Friday, October 14, 2016

Tech is the Vehicle

I was at a technology and education conference, earlier this week. But as I reflected on my learning from the conference, I came to the conclusion that it didn't seem like a technology conference.

Instead, it was a mindset conference. It was an innovation conference. It was a conference about the power of connectivity. It was a conference that encouraged people to shift the way they think.

It was amazing!

I even got a little Selfie 101 from George Couros
One presenter at the conference, the keynote, George Couros, went so far as to discourage participants from applying the "tech" label to themselves. What?! He was talking to a room full of the "tech" people!

I have had/still have this tech label applied to myself. It is probably because I tweet and I blog, The fact that I communicate with our school stakeholders via various social media platforms probably adds to this. My enjoyment of the latest and greatest Apple (I have an Apple Watch and an iPhone, and I used to be dependent on my iPad) devices probably contributes, too.

Like my friend, Adam Welcome, I like computers. They have the ability to enhance our lives through a multitude of ways (they also have the potential for a negative impact, but I like to focus on the positives when I'm looking at things).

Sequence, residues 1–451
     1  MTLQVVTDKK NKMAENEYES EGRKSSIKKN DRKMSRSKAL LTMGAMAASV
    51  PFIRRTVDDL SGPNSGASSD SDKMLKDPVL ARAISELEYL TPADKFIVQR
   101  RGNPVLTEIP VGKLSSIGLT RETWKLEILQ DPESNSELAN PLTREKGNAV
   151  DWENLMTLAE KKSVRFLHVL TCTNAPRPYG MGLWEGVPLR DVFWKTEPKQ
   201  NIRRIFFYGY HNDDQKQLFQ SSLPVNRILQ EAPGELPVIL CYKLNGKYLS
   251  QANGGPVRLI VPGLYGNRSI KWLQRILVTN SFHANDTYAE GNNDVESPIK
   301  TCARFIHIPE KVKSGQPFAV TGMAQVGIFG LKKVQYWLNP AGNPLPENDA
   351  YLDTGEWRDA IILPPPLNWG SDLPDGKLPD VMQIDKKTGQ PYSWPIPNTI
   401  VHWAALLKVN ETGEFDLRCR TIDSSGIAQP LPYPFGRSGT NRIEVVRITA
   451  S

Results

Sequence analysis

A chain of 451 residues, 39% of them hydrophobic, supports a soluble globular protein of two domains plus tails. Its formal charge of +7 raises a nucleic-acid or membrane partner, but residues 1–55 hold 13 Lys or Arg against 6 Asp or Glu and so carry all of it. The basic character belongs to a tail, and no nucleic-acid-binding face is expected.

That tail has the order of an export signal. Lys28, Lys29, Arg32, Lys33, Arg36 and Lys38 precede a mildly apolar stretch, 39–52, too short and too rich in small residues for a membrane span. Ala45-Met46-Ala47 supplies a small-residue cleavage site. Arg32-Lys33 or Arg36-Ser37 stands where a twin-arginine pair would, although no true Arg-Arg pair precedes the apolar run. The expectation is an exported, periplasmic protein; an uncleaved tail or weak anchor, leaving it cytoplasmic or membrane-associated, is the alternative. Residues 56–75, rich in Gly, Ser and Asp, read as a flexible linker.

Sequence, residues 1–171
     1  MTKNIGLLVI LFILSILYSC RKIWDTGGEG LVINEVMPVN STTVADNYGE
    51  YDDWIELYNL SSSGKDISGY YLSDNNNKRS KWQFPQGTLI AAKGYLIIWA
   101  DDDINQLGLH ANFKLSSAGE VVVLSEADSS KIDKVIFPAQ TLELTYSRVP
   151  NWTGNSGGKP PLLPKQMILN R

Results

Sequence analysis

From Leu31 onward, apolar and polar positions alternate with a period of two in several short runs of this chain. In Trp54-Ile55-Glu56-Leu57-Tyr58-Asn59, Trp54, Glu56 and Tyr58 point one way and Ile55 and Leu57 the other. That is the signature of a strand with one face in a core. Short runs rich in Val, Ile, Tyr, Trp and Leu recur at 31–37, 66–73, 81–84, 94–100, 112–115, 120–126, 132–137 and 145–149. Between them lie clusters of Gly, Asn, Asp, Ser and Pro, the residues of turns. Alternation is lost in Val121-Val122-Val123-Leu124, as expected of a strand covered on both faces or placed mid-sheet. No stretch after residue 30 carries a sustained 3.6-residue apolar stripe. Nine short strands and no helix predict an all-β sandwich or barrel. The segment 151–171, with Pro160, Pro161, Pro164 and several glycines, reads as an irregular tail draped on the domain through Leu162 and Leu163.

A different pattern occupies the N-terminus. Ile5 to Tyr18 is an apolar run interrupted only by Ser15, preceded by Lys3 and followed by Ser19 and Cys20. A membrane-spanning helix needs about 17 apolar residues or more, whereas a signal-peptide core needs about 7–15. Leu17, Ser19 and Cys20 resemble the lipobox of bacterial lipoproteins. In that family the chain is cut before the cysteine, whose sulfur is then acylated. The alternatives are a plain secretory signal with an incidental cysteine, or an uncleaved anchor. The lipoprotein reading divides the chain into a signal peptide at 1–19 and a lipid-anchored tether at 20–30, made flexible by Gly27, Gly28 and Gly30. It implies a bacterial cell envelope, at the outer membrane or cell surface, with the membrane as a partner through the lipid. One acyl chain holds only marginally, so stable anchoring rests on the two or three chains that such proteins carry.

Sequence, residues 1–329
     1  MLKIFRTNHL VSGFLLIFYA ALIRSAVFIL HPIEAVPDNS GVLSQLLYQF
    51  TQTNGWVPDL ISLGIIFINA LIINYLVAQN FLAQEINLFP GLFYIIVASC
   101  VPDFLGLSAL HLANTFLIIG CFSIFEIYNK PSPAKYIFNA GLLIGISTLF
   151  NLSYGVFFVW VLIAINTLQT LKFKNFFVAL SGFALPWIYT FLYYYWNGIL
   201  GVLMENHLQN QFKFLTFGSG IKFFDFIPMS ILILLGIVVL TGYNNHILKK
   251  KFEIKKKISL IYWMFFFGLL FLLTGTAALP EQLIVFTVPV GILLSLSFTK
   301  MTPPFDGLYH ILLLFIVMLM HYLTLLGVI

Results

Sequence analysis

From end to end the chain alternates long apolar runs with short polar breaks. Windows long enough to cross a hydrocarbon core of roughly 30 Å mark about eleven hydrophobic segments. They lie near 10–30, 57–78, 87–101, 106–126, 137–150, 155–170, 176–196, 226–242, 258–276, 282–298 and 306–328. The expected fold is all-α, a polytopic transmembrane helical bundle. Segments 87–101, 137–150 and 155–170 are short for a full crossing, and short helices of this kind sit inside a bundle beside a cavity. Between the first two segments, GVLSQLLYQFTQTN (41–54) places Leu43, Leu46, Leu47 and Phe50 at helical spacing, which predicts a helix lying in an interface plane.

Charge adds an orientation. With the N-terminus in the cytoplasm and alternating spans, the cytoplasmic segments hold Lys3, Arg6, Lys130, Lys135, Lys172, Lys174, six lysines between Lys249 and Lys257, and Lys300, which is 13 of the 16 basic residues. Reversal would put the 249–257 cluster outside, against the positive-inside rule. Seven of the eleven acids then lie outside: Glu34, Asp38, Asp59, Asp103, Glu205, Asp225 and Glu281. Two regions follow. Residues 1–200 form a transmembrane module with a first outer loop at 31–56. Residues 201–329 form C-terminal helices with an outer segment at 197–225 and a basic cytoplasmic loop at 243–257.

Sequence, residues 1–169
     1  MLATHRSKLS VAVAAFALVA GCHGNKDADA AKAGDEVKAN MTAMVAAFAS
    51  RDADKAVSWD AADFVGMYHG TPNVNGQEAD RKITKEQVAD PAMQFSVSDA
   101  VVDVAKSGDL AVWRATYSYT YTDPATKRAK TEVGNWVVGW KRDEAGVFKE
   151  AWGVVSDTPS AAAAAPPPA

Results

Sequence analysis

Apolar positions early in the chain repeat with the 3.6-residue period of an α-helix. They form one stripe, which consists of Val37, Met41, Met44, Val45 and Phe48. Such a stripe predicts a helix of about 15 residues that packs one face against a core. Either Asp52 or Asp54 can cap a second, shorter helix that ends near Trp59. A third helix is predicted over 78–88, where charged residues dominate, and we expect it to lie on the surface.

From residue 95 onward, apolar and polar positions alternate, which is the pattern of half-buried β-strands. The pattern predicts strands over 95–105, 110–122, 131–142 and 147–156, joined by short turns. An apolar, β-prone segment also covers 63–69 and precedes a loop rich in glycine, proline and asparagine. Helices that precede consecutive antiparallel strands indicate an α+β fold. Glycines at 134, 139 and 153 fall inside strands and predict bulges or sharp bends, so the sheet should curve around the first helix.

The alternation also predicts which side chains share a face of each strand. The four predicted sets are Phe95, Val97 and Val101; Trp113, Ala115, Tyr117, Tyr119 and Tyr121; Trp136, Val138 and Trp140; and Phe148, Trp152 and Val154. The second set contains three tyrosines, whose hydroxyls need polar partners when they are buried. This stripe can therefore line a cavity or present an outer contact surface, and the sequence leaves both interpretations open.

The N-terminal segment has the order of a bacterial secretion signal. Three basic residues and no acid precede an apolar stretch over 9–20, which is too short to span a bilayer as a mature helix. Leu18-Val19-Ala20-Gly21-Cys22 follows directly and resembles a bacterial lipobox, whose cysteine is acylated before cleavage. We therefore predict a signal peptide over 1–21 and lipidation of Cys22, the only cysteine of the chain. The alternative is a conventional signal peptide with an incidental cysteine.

My son, like most kids, likes tech, too. He is in kindergarten. He has his own iPad and he has since he was two-years-old. In fact, if you ask him what his most valuable possession is, he'll probably tell you that it is his iPad. He uses his iPad more than my wife and me wish that he did. We'd prefer that playing with his Legos or going outside, or looking at books would trump his iPad. But that's not our reality. Now I could be like a lot of adults and tell you that this is detrimental to him and detrimental to the future of our society, but I won't. I disagree with that line of thinking.

Instead, I like to think about the possibilities that his interest in his iPad allows. I like to think about how he consumed YouTube videos to completely self-teach the concepts of Minecraft. I like to think about how interested he has become in making his own YouTube videos to share his own knowledge of things for the benefit of others. This is a valuable tool with a lot of potential.

Not many people will argue that engagement is a negative. Tech leads to engagement. Engagement leads to learning. Learning is a good thing.

Tech is the vehicle. It's a means to an end. It's not about the tech. It's about creating. It's about connecting. It's about breaking down the traditional classroom walls, and not allowing them to constrain our teaching and/or learning. It's about about giving students experiences, and providing them with a broader audience. It's about getting our students excited about their work, making it meaningful for them, and ensuring that they are producing their highest quality. It's not about the tech.

I like technology. In fact, I like it a lot. But I don't want to be the tech guy because tech's not the destination. I want to be an innovative guy. I want to be someone who is known for thinking a little bit differently. I want to be someone that is willing to push the envelope. Most importantly, I don't want to be someone who thinks about the limits that we have upon ourselves; instead, I want to be someone who thinks about all of the amazing things that we have the potential to do.